On May 4, 1979, defendants were given a loan commitment letter from Naperville Savings and Loan Association subject to credit information clearance. Mr. Thomas was subsequently notified that, effective June 18, 1979, his employment would be terminated. For this reason, defendants' loan application was rejected on June 23, 1979, which was more than 21 days after the execution of the sale contract. Defendants had not previously asked for an extension of time to notify plaintiffs or their agent of the unavailability of a loan commitment. Defendants then notified plaintiffs' agent by letter dated June 23, 1979, that they would repudiate the contract. Plaintiffs, pursuant to paragraph 18 of the sale contract, informed defendants that they had elected to retain the earnest money as liquidated damages and to treat the contract as otherwise null and void.

First United Realtors, the listing broker, held the $2,000 in cash and the $4,000 note payable on June 15, 1979. The plaintiff sellers instituted an action against First United Realtors and the defendant buyers for the earnest money and for the principal and interest due on the note. First United Realtors included a counterclaim in interpleader in their answer. They deposited the cash and the note into the court, and the court dismissed them from the action.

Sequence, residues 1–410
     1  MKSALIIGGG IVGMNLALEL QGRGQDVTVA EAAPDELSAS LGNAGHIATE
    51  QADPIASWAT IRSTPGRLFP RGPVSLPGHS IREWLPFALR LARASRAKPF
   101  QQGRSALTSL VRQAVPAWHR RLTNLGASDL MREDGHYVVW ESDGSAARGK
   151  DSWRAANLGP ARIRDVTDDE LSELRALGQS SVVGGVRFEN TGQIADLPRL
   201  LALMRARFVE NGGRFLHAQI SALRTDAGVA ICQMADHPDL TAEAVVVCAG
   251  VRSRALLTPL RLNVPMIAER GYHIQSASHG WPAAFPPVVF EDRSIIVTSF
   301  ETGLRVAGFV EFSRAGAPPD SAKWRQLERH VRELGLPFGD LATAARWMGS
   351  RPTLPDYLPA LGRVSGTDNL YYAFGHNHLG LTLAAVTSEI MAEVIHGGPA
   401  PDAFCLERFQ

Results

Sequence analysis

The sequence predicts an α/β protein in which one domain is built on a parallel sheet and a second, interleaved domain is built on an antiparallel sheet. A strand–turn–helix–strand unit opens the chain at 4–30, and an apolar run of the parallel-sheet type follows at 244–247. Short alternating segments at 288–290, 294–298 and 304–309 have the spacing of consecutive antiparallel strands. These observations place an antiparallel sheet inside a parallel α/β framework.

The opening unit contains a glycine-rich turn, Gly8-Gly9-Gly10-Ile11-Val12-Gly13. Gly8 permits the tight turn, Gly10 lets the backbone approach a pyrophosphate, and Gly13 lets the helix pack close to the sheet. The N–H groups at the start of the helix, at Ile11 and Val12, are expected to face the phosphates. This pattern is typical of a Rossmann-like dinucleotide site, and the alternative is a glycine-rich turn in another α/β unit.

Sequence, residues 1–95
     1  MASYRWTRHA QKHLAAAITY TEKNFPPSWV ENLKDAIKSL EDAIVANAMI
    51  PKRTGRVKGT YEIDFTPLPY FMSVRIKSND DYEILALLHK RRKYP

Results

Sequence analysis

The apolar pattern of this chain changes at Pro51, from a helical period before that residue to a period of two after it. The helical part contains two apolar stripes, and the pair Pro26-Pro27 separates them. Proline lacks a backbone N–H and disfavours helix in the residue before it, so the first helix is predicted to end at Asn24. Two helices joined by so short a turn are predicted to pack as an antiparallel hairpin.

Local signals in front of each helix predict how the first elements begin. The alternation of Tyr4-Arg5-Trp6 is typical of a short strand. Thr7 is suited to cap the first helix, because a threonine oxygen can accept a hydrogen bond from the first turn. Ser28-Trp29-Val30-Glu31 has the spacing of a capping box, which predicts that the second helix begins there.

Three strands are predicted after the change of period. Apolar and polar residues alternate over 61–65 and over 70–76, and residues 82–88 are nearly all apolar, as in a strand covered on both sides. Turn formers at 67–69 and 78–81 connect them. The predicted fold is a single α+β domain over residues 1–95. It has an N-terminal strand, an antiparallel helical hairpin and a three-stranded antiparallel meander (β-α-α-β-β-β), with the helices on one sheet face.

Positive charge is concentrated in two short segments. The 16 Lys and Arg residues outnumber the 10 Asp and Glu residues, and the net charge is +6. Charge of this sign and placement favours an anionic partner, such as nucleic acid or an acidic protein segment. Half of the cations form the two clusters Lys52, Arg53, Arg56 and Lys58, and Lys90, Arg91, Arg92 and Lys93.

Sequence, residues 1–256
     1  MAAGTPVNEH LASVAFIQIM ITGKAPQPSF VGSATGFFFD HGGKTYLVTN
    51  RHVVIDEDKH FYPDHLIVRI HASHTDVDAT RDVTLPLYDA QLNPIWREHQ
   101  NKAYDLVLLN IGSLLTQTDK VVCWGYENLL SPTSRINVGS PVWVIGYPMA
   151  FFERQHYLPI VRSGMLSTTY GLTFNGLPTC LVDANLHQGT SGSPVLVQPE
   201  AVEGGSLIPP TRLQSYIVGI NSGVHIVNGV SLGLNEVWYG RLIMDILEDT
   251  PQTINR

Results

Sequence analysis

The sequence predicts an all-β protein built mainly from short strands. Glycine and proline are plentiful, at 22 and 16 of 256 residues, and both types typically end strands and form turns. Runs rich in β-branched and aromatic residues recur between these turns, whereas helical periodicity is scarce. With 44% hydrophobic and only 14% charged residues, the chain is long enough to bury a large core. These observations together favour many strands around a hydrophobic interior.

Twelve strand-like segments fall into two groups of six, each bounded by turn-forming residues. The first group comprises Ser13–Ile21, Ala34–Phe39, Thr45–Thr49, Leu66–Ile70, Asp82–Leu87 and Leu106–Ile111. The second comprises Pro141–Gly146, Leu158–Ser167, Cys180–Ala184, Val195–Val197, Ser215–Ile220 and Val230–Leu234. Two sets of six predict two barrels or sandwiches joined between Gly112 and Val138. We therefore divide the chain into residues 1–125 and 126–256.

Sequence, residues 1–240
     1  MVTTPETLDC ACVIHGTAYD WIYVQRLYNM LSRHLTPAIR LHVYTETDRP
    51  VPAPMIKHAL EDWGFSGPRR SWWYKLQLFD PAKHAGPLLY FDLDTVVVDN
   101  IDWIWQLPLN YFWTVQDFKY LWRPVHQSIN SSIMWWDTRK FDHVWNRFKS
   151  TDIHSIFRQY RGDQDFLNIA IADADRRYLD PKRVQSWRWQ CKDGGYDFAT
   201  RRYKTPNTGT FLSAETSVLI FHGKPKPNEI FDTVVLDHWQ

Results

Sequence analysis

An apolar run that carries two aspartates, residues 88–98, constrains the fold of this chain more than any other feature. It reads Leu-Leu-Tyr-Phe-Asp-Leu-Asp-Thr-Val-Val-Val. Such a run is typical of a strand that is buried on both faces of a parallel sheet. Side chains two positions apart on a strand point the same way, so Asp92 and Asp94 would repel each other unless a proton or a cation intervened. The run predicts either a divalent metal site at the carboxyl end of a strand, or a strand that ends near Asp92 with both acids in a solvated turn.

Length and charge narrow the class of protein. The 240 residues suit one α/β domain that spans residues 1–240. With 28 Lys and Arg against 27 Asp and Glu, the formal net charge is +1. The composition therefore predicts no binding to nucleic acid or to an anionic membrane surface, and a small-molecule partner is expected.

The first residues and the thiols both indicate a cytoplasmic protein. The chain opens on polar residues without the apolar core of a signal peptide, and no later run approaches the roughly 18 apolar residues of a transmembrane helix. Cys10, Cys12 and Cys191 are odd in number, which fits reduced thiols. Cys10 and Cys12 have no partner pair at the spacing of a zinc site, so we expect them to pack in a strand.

Both remaining parties subsequently moved for summary judgment. The court found that there was no material question of fact and that the plaintiffs were entitled to judgment as a matter of law. Defendants filed a post-trial motion which was denied, and defendants thereupon appealed.